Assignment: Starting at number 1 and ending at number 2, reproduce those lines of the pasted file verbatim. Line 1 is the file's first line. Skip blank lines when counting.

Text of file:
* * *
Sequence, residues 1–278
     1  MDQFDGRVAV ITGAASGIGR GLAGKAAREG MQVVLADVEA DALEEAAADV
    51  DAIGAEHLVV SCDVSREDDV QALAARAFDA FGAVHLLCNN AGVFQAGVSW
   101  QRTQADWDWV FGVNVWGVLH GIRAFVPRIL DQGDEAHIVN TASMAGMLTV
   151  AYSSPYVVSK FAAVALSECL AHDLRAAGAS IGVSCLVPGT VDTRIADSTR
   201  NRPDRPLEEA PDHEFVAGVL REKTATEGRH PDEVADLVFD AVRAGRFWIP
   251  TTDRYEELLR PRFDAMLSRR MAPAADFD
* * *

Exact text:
Sequence, residues 1–278
     1  MDQFDGRVAV ITGAASGIGR GLAGKAAREG MQVVLADVEA DALEEAAADV